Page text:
Adventists and Jita Culture

By Daniel Chacha Mohono

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Daniel Chacha Mohono

Jita is a tribe located around Mount Masita in the eastern side of Lake Victoria in Tanzania. The name Jita was adopted based on the location of Mount Masita. The colonial governors from Germany could not pronounce Masita; instead, they called it Majita. They put in writing the word Majita, and therefore it became the name for these people. Since then the whole area is called Majita.1

Mount Masita is the highest mountain in the area with a height of 4,916.9 ft above sea level. At its peak there are some notable features such as flat land and wells. Traditionally, the Jita used to climb the mountain and worship around it. People settled at the foot of the mountain and engaged in activities such as farming and fishing.2

Origin of the Jita People

The Jita people originated in Ethiopia.3 They came down through Sudan via Uganda to Lake

Victoria and sailed by canoe to Tanganyika (current Tanzania).

The Jita society had neither government nor a king or a chief. Each sect had an adviser who was wise and sometimes he would be regarded as a prophet. There was no federal governance in Jita society. Under this system of life, Jita people had no strong unity in terms of culture. Each sect had its taboos that governed its ways of life. These taboos were quite different from one sect to another. However, Jita people had some things which they shared in common. These include the language (Kijita), religion. They all worshiped gods. They believed in one senior god called Nymuwanga accompanied by other junior gods who are his representatives. Those junior gods are like Mugasa, the god of the sea and everything there in. He helped fishers when they were in activities of fishing. The other small god was Karungu, the god of the wild. He helped hunters when they were in activities of hunting. And finally, they were generous to whoever came to them. They were not hostiles to strangers. They were easily receptive to something new from outsiders.4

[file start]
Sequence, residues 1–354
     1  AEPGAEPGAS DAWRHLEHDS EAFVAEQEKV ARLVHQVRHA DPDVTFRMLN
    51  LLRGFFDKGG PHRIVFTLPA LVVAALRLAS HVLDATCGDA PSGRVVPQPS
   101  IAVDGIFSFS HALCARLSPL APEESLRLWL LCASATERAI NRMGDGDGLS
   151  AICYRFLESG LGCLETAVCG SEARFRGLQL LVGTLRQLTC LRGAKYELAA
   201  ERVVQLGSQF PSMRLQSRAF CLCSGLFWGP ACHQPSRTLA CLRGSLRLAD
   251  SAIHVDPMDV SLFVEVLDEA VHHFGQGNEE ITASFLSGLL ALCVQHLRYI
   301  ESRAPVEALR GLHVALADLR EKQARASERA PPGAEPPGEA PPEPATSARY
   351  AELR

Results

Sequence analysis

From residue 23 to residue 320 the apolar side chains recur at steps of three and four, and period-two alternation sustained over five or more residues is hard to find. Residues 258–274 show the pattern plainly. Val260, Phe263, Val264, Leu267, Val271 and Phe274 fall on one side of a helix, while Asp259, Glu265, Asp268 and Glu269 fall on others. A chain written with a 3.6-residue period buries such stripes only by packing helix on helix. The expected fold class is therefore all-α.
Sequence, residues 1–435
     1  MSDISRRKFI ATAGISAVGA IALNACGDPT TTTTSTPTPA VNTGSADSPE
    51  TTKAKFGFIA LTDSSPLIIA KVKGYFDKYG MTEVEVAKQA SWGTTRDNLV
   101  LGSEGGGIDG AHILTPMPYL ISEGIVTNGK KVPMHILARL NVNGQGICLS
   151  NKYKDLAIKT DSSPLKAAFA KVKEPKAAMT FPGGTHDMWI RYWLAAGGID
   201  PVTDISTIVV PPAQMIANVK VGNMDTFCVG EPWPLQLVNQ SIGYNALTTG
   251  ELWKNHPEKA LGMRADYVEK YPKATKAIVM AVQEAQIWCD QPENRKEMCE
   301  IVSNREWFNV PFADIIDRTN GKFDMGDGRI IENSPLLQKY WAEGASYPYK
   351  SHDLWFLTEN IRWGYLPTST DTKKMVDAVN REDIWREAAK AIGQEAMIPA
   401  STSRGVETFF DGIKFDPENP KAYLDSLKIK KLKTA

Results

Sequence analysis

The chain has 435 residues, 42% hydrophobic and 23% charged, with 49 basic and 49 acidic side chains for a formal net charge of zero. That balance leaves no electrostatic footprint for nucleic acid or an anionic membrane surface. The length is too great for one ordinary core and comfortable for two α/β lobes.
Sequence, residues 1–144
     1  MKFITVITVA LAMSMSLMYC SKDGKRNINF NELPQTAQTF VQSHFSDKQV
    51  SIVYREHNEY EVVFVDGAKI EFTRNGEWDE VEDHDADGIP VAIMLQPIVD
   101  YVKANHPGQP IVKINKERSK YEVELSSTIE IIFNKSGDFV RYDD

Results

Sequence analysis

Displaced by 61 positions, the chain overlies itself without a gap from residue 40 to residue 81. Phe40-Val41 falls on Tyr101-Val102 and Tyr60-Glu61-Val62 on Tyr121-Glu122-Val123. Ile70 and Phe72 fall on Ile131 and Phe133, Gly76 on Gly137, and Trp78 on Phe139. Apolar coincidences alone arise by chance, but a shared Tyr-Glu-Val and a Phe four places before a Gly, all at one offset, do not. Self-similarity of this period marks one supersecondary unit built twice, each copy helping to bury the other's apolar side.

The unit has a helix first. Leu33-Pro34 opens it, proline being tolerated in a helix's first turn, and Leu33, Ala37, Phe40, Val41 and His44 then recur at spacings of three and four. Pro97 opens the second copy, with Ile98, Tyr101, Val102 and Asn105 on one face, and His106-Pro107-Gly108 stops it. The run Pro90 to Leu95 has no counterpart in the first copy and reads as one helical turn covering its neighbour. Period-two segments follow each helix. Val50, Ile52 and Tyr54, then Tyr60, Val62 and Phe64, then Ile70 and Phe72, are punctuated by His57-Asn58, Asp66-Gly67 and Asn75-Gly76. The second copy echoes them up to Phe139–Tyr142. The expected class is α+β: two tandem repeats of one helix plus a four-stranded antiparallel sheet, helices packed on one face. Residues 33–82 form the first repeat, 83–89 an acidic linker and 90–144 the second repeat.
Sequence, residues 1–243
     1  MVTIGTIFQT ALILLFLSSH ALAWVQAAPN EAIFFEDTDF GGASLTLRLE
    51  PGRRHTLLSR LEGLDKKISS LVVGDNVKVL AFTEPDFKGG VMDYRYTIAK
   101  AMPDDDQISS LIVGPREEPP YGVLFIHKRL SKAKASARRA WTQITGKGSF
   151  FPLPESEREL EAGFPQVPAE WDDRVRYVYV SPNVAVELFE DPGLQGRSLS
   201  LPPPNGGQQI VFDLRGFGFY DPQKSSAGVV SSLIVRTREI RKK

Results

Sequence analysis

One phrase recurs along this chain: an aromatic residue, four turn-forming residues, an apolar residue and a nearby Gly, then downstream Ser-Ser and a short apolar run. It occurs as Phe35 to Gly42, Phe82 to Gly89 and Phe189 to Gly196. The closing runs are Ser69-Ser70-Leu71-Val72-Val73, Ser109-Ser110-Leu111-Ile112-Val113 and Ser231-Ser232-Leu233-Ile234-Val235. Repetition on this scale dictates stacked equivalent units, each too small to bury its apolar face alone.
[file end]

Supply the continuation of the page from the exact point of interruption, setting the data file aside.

Introduction of Adventism in Jita Land

In 1909 Adventist missionaries from Germany reached Jita land. Once missionaries arrived they started to erect a church building which was finished in 1911. On February 12, 1911, two converts from Jita land, named Yohana Mtarimbo and Filip Kayanda, were baptized. Missionaries who were involved in this outreach included Abraham C. Enns, Raaesler, Carscallen, Stain, Otto Wallath, and their colleagues.5